The sentencing of Intisar comes in accordance with Article 146 of the Sudanese Criminal Code. However, ultimately what the Islamic Sharia of Sudan’s criminal code reveals is the deeply rooted discriminatory nature of Sudan legal system generated from the ruling regime’s ideology which perceives women as purveyors of moral wrongs and seeks to banish illegal aliens.
The repression of women in Sudan is illustrated in the Sudanese legislative system’s approach towards women. Both Sudan’s criminal and family codes are engineered through a mix of criminal and moral prohibitions which blur the distinction between the creation of law in the service of promoting a particular public interest and the imposition of moral precepts based on specific ideological conviction. The de-anchoring of the law from a clear standard of general public interest leaves Sudan’s legislation in relation to personal matters particularly open to exploitation as a tool to express the temporary interests of the authorities in control. A good example is the public order police of Sudan’s, Special Forces that are assigned to terrorise women and interrogate them by observing their personal behaviour, their dress code, their mobility and their exposure in the public sphere. Ultimately the ideology behind the articles and the application of the Sudanese criminal code is meant to enforce the tyranny of the ruling regime through alienating women by crippling their public participation, both of which have a paralysing effect on society as a whole.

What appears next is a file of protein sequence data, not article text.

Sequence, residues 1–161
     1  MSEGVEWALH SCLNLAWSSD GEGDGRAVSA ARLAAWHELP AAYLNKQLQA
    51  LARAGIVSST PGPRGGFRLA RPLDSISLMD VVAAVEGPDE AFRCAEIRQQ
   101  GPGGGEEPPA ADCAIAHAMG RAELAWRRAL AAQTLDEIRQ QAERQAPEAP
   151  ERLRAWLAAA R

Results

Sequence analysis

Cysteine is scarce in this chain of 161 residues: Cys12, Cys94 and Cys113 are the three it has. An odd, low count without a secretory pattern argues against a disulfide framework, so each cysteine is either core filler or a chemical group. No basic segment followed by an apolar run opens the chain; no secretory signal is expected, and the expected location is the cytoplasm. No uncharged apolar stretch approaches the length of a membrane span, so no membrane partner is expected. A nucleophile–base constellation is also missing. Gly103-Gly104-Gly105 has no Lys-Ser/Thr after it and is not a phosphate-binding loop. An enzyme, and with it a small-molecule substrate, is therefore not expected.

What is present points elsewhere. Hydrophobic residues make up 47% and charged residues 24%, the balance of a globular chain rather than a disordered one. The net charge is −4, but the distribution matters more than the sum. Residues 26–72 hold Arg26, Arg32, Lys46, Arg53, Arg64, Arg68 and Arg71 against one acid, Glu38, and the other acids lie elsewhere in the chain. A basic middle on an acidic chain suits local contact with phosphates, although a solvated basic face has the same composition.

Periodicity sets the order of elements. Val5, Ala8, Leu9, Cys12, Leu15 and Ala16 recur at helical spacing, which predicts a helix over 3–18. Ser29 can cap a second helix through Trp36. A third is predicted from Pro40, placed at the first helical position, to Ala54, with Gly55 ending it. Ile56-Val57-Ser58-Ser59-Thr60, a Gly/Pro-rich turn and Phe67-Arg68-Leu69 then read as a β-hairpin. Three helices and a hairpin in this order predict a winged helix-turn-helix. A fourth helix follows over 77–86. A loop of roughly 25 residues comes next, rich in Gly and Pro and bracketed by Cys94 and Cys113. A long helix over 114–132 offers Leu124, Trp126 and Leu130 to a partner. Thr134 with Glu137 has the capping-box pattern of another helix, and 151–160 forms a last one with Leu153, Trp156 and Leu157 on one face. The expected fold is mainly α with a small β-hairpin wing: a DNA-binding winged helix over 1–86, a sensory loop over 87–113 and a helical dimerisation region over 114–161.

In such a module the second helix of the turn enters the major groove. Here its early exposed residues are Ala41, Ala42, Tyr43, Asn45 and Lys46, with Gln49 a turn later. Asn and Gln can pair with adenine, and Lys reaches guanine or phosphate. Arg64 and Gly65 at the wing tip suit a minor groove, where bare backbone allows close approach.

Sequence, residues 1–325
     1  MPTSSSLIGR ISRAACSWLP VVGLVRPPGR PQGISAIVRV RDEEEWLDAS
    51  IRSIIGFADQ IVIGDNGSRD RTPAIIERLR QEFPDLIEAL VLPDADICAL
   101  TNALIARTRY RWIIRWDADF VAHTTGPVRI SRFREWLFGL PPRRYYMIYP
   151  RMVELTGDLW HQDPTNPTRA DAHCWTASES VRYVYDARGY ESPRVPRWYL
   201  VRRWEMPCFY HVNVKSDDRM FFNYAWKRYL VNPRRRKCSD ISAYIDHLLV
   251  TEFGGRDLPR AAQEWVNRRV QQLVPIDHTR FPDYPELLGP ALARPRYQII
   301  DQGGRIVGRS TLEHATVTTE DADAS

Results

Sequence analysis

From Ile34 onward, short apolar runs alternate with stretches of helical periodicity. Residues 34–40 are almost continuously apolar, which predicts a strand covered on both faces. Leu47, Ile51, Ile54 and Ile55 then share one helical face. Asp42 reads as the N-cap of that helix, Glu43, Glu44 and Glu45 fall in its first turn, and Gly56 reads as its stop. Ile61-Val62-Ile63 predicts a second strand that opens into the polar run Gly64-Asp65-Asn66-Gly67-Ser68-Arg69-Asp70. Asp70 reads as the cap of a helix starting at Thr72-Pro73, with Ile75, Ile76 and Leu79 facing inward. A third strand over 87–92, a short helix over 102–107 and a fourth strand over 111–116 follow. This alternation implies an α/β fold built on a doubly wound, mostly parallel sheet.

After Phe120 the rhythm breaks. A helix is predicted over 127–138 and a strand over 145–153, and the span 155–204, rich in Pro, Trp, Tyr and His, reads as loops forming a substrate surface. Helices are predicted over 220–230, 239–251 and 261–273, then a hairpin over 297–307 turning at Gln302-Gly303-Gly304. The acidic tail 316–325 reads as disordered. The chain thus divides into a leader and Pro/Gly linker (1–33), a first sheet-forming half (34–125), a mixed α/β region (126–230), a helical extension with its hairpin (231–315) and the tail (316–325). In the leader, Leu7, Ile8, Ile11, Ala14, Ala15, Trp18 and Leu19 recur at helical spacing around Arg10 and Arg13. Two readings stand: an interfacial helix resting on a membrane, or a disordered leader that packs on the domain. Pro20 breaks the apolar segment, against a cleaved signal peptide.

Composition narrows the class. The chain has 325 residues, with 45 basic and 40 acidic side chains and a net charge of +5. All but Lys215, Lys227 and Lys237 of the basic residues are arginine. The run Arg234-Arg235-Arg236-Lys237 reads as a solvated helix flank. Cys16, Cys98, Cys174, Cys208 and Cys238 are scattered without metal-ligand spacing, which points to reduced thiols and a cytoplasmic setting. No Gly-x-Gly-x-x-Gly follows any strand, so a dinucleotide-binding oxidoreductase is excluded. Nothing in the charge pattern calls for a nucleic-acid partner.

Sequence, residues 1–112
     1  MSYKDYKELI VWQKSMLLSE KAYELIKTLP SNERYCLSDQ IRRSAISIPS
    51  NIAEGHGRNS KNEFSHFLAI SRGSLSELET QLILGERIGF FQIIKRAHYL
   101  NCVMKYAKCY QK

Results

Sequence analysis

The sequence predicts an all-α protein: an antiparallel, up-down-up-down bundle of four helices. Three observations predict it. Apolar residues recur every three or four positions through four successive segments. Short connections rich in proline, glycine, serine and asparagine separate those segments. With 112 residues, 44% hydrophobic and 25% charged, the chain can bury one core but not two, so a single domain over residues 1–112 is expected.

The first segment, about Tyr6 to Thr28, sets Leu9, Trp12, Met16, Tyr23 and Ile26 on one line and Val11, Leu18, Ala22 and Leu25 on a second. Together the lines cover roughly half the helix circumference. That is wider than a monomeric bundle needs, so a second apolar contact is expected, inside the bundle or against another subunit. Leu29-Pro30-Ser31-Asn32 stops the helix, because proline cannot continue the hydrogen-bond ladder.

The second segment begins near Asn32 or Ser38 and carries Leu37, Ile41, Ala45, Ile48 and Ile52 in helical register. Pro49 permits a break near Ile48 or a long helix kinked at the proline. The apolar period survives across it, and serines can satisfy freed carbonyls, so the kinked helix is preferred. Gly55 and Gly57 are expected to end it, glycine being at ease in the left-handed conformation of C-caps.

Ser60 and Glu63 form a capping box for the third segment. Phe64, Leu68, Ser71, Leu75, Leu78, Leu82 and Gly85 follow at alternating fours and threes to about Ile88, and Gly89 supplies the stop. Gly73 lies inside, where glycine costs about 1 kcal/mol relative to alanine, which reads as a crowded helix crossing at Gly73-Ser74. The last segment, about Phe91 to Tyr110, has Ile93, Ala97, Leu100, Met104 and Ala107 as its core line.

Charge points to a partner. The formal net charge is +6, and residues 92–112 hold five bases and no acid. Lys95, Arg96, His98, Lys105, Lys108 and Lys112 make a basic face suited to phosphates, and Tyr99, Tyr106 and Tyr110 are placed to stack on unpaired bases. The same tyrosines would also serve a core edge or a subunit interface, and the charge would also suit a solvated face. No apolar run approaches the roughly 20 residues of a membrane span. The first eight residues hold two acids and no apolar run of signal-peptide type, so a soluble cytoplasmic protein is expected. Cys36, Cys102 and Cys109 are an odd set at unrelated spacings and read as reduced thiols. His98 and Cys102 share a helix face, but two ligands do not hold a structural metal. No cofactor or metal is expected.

Politically, Intisar’s sentencing is significant. She is originally from South Kordofan, the most recent region where civil conflict erupted in Sudan. Following the independence of South Sudan gender and racial profiling and discrimination is dominating the current political scene in the country. In addition, the fluidity of the Sudan’s current legal system poses a serious threat to thousands of women currently living in the country, enduring and suffering under the violence generated by Sudan’s unjust legal system and its brutal enforcement.
This violence ranges from lashing to long term imprisonments of poor women street vendors, students, and others working in the fringes of society, all of whom are regularly subjected to accusations of prostitution, intention to commit Zina, and indecent dressing. The rationale behind Sudan’s criminal code is based on vague definitions of guilt, yet it very assertively delegates the power of judgment to the enforcers to interpret it as they wish, in line with the reactionary political agenda.
Intisar is currently shackled by metal chains and imprisoned in Omdurman women’s prison in Sudan together with her four month old baby, where she is being re-victimised and burdened again by the complex layers of Sudan’s heavy political baggage and an unjust legal system.
The writer is the Director of the Strategic Initiative for Women in the Horn of Africa (SIHA)